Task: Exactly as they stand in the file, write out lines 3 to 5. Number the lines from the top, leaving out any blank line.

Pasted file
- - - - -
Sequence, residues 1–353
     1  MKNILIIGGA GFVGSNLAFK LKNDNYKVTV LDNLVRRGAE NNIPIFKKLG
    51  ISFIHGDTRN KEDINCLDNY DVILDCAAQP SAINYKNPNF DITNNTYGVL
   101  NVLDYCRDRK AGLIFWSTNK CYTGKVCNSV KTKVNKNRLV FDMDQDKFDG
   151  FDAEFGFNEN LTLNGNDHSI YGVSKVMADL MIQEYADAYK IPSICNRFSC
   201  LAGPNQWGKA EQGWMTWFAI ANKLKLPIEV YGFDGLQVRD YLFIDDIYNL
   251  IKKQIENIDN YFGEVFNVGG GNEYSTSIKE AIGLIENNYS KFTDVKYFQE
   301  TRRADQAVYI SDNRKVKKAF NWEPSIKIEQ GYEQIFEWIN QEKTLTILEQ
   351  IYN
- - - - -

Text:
    51  ISFIHGDTRN KEDINCLDNY DVILDCAAQP SAINYKNPNF DITNNTYGVL
   101  NVLDYCRDRK AGLIFWSTNK CYTGKVCNSV KTKVNKNRLV FDMDQDKFDG
   151  FDAEFGFNEN LTLNGNDHSI YGVSKVMADL MIQEYADAYK IPSICNRFSC